In the second reading, St. Paul warns the early Christians converted from Judaism not to yield to their constant temptation to return to the observances of the Mosaic Laws. He reminds them that they will be saved only by acknowledging the risen Jesus as Lord and Savior.
Bible scholars think that the graphic temptations of Jesus described by Matthew and Luke in their Gospels are the pictorial and dramatic representations of the inner struggle against a temptation that Jesus experienced throughout his public life. The devil was trying to prevent Jesus from accomplishing his mission of saving mankind from the bondage of sin, mainly through a temptation to become the political Messiah of Jewish expectations, and to use his Divine power first for his own convenience and then to avoid suffering and death.
Choose AS MANY AS TIME ALLOWS
1) We need to confront and conquer temptations as Jesus did, using the means he employed: Like Jesus, every one of us is tempted to seek sinful pleasures, easy wealth, and positions of authority, and is drawn to the use of unjust or sinful means to attain good ends. Jesus serves as a model for conquering temptations through prayer, penance, and the effective use of the ‘‘word of God.” Temptations make us true warriors of God by strengthening our minds and hearts. We are never tempted beyond the strength God gives us. In his first letter, St. John assures us: “The One Who is in you is greater than the one who is in the world” (1 John 4:4). Hence during Lent, let us confront our evil tendencies with prayer (especially by participating in the Holy Mass), penance, and the meditative reading of the Bible. Knowledge of the Bible prepares us for the moment of temptation by enabling us “to know Jesus more clearly, to love him more dearly and to follow him more nearly, day by day,”as William Barclay puts it.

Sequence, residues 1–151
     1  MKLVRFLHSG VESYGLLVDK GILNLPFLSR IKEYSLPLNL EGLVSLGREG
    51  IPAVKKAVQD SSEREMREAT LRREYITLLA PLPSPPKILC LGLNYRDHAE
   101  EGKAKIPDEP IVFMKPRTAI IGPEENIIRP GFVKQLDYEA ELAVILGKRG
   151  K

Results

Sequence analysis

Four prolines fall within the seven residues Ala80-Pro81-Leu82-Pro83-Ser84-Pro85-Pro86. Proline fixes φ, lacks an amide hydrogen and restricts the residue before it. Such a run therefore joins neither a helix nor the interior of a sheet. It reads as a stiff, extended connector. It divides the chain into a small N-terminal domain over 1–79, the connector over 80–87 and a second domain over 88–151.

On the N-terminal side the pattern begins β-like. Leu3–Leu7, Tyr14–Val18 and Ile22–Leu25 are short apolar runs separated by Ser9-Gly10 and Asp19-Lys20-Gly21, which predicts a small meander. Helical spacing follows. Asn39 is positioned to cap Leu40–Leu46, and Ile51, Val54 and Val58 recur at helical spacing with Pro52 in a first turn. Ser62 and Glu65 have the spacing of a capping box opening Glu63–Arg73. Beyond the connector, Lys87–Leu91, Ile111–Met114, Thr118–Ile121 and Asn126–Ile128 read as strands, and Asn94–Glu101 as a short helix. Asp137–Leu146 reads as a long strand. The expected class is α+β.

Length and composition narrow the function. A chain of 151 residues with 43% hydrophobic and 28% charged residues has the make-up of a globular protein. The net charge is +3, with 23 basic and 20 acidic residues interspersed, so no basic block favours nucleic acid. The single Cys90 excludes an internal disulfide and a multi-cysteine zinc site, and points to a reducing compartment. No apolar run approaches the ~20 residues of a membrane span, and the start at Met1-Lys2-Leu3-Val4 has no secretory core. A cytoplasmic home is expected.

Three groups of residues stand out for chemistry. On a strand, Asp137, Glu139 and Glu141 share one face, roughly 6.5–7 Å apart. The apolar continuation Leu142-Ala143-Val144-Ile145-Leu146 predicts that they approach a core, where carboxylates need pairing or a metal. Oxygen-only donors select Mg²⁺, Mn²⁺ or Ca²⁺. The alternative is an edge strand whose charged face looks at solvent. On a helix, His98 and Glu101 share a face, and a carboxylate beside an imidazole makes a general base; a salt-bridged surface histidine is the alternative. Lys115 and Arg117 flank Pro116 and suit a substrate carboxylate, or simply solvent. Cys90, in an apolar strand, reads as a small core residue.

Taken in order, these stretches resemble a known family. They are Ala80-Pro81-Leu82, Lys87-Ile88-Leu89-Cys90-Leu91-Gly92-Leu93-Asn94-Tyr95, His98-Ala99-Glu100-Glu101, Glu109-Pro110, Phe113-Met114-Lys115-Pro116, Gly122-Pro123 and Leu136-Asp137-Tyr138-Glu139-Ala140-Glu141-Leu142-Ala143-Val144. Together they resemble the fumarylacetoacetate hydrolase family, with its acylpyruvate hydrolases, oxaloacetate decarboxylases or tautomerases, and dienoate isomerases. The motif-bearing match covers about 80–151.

2) We need to grow in holiness during Lent by prayer, reconciliation and sharing. We become resistant and even immune to temptations as we grow healthier in soul by following the traditional Lenten practices: a) by finding time to be with God every day of Lent, speaking to Him and listening to Him; b) by repenting of our sins and renewing our lives, uniting ourselves with God both by the Sacrament of Reconciliation and by forgiving those who have hurt us, while asking forgiveness of those whom we have hurt; and c) by sharing our love with others through our selfless and humble service, our almsgiving, and our helping of those in need.